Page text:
Figure 1. Building a dove nest.

Water is an important requirement for mourning doves. Watering sources are used more frequently if bare ground is present adjacent to a portion of the water's edge.


Skip to Migration

Migratory mourning doves over-winter in the Southeast, and the greatest dove concentrations in North Carolina occur in the late summer and fall, after which many individuals move further south. Spring migration begins about February, depending on cold weather and snow. Not all mourning doves are migratory, however, and year-round residents in a local area are the first to breed in the spring.

Mourning doves reproduce at high rates, but are short-lived and generally survive less than one year. Those surviving fall migration tend to over-winter in the same area each year and remain longest in the best habitat. Wintering mourning doves prefer river and creek bottoms near agricultural fields that produced corn or grains the previous summer.

Mourning Dove Management

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Tips for Improving Mourning Dove Habitat


  • Use seed tree, shelterwood, or clearcut regeneration methods, which all create a dense understory and midstory that may be used by nesting doves. Also, doves may feed on seeds on patches of bare ground soon after harvests.
  • Schedule site preparation activities prior to mid-June to produce herbaceous seeds by fall migration.

Intermediate treatments

  • Thin forest stands early and frequently to stimulate herbaceous growth in the understory and to maintain high quality nesting cover.
  • Burn thinned forest stands frequently (every 2 to 4 years) to retain woody and herbaceous understory.
  • Schedule burns in winter months to improve herbaceous seed production. Burn in late summer or early fall to expose seeds on bare ground, especially for hunting locations.

Direct improvements

  • Leave agricultural fields untilled after harvest and leave small areas unharvested to provide food for doves.
  • Maintain patches of nesting cover adjacent to croplands or other feeding locations.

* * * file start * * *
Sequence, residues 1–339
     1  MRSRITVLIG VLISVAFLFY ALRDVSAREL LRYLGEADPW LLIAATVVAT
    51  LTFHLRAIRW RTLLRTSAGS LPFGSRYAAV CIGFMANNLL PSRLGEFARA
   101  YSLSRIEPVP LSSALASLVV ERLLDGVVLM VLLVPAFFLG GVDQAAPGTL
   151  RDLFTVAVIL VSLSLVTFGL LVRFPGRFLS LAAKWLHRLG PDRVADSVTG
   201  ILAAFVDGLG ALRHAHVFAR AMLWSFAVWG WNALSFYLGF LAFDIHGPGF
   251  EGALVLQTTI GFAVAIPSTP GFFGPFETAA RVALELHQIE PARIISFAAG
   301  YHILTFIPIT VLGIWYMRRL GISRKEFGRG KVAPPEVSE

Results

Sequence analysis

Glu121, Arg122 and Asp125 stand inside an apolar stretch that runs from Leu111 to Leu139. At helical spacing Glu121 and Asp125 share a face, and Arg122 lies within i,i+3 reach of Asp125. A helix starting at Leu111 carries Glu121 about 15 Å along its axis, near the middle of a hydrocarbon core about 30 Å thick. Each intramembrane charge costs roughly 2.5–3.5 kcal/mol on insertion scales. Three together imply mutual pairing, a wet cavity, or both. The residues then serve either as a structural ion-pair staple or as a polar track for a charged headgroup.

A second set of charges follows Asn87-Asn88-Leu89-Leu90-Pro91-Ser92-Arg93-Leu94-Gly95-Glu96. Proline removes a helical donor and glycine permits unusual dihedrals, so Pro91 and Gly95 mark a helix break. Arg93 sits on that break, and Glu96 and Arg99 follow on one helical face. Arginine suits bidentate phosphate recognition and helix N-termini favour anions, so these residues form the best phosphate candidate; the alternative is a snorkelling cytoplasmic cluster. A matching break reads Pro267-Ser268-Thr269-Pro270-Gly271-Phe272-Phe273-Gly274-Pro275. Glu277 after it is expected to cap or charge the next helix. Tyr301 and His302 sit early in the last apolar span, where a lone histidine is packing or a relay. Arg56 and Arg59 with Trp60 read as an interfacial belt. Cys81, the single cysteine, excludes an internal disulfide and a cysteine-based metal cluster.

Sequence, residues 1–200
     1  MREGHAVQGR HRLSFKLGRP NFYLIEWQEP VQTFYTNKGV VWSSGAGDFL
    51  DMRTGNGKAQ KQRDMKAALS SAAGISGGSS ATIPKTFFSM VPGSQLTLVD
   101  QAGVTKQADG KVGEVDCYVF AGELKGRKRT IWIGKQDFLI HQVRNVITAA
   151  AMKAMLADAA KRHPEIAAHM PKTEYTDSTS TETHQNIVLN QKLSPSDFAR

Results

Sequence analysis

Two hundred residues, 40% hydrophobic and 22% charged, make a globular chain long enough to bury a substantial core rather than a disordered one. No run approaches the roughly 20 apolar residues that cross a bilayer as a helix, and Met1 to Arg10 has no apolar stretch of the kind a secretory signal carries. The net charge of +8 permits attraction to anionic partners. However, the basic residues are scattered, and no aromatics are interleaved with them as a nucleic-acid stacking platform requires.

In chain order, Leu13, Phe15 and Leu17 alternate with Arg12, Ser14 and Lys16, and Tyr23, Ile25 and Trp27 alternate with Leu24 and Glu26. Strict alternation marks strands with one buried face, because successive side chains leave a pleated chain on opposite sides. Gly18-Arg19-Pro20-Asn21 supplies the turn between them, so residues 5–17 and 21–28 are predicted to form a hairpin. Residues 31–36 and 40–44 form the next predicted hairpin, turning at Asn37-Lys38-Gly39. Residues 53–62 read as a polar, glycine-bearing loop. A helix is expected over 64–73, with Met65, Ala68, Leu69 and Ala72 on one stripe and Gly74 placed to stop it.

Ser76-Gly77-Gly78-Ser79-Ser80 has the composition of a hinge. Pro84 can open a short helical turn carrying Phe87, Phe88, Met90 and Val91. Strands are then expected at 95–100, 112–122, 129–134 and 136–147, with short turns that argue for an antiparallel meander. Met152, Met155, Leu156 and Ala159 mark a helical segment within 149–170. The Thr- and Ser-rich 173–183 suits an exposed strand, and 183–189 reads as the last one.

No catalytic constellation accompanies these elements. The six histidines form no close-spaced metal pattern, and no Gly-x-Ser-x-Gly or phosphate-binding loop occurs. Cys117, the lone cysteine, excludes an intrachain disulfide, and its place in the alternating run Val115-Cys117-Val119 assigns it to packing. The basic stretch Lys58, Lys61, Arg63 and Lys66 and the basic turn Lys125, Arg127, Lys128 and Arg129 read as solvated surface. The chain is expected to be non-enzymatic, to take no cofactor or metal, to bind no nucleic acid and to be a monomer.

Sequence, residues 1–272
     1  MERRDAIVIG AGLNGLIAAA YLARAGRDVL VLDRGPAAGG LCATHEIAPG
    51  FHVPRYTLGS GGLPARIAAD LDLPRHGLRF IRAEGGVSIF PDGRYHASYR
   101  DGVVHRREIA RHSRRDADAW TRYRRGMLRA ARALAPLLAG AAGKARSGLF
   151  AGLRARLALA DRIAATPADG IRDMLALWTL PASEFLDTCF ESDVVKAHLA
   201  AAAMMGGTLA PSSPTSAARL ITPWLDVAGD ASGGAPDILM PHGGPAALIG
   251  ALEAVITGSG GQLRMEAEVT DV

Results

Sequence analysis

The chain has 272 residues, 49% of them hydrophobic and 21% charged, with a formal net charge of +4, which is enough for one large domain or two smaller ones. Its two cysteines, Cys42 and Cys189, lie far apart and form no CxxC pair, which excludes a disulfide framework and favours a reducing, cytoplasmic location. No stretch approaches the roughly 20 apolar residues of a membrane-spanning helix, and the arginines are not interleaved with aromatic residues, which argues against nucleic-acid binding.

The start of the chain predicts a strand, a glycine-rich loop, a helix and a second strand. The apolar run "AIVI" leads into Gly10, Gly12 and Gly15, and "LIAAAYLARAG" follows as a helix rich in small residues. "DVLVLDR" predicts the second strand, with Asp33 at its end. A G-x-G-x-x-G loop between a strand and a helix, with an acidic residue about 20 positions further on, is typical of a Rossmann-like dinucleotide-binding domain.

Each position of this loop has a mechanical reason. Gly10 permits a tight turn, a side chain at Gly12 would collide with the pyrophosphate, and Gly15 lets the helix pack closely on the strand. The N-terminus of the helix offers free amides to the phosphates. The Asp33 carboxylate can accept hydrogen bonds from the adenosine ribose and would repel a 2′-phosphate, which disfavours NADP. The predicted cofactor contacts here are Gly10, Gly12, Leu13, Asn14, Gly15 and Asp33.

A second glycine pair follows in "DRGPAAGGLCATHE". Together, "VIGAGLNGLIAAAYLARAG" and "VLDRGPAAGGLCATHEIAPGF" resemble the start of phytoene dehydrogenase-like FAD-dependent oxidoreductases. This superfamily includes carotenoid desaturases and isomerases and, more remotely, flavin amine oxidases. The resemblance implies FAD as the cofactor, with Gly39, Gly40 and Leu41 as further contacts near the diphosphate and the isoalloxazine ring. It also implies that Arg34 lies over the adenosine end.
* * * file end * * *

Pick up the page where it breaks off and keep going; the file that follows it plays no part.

• Plant food plots (corn, wheat, buckwheat, millet, sunflower) in >5 acre openings, especially near high points in the landscape where doves congregate.
  • Kill trees to create roosting snags along the margins of cropland and planted food plots.

Many species requiring early succession vegetation benefit from mourning dove management. Hence, management plans should also emphasize the species that are associated with early successional plant communities or young forest favored by mourning doves.

Species that benefit from mourning dove management.
Early Succession Young Forest
Horned lark Yellow-breasted chat
Goldfinch Prairie warbler
Northern bobwhite Gray fox
Bobolink Eastern cottontail
Red fox White-tailed deer

Photo of mourning dove perched at a feeder

Mourning dove pair perched at a feeder.

Liessa Bowen  CC BY-NC 4.0


Extension Professor
Forestry & Environmental Resources
Wildlife biologist
Professor (Wildlife)
Forestry & Environmental Resources

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Publication date: Jan. 1, 2019
Revised: May 28, 2024

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N.C. Cooperative Extension prohibits discrimination and harassment regardless of age, color, disability, family and marital status, gender identity, national origin, political beliefs, race, religion, sex (including pregnancy), sexual orientation and veteran status.